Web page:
Patterns of Aggressive Behaviors Across Mental Health in Sixth Graders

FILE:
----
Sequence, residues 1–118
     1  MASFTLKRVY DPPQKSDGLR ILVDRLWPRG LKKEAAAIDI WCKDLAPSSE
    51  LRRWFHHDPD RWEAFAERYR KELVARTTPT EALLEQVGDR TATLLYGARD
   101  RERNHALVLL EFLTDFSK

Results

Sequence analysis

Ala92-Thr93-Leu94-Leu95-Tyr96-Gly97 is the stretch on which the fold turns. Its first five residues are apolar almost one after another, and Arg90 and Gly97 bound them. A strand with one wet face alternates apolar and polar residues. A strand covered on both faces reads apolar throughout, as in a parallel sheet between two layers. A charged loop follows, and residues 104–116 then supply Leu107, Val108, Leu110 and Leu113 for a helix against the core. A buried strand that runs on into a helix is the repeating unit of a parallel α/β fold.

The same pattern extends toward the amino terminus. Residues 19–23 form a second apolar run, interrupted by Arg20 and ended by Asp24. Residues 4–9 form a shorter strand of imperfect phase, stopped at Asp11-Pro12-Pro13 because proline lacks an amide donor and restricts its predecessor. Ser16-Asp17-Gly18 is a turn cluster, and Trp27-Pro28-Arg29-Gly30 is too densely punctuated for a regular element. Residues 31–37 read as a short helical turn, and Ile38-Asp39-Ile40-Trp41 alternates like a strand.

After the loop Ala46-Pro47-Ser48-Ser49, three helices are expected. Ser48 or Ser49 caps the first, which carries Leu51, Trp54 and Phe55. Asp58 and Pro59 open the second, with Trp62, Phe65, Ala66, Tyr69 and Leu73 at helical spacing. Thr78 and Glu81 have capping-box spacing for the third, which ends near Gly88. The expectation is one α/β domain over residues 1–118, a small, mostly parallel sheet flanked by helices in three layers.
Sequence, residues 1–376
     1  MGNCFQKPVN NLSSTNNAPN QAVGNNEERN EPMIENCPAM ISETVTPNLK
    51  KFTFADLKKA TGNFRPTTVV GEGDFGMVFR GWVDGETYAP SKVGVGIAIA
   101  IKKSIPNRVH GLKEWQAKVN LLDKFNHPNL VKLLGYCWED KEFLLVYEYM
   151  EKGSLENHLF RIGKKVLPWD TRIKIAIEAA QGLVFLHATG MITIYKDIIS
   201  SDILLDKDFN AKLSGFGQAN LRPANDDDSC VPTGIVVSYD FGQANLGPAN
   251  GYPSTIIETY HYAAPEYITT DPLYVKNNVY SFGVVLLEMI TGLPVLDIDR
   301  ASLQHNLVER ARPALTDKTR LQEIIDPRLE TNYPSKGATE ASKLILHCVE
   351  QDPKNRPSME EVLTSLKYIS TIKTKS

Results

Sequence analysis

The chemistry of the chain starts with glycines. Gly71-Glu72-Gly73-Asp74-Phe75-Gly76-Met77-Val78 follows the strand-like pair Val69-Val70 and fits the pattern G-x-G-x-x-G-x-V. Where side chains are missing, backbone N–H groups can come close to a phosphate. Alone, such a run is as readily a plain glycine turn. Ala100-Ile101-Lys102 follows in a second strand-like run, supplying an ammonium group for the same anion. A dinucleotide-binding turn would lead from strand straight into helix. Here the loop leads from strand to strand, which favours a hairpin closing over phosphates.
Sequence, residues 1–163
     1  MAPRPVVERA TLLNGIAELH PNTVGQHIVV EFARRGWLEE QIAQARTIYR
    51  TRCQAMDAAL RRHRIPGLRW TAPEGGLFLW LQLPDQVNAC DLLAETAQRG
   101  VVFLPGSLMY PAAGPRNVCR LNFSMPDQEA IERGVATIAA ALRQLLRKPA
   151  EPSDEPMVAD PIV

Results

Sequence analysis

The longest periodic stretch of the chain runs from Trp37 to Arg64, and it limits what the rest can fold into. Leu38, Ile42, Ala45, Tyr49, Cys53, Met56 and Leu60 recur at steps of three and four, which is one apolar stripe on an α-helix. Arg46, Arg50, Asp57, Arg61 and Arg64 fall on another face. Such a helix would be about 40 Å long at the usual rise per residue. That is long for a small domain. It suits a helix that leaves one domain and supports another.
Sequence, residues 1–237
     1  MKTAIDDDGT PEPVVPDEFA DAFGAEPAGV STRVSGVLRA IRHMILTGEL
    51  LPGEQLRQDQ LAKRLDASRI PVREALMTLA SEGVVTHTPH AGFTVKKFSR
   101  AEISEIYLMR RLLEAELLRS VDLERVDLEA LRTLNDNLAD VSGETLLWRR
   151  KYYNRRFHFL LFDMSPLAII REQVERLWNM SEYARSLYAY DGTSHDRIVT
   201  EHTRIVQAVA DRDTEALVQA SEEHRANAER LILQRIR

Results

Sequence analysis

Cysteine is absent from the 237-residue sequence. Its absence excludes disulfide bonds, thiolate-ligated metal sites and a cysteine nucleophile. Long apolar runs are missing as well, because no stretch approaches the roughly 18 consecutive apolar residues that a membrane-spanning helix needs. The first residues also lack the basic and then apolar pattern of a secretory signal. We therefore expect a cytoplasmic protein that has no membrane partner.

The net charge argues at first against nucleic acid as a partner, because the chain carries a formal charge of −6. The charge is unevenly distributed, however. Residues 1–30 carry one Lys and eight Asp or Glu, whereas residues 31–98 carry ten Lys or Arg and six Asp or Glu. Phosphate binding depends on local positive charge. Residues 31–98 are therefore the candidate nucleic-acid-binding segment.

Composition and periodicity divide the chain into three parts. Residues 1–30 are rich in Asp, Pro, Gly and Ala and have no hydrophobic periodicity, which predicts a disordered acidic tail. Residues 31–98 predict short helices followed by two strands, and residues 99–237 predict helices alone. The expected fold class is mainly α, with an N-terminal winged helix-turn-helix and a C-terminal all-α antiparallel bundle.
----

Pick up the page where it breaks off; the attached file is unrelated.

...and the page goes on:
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School-based violence is a current public concern in the United States. One factor that can impact school-based violence that has gained much attention is mental health status. To better inform public perceptions, this study provides new evidence concerning the association between mental health status and acting out violence in school-aged populations. We examined a diverse sample of sixth graders across 14 schools in Texas in 2011-2012 (N = 721) who completed a self-administered survey assessing mental health symptoms and frequency of perpetration and/or receipt of different types of aggressive behaviors. Multinomial regression models tested whether adolescents with mental health symptoms (overall and by symptom types) are more predisposed to be actors only, recipients only, or both, of physical, verbal, and relational aggression. Across aggressive behavior types, symptomatic versus nonsymptomatic adolescents had consistently increased odds of being exclusively a recipient of aggression. When symptomatic adolescents did act out aggression, they participated concurrently as both an actor and recipient. Rarely were symptomatic adolescents more likely to be exclusively an actor of aggression. Moreover, symptomatic versus nonsymptomatic adolescents had five times the odds of being threatened by a weapon including a gun or knife. Compared to those who do not, youth who perceive having a mental health issue had twice the odds of being an actor only of verbal and relational aggression. These findings provide evidence for the need to change how the public associates mental health problems with aggressive behaviors among youth especially following national tragic events. Communities at large may benefit from evidence- and school-based interventions that improve awareness of and tolerance to mental health conditions among youth.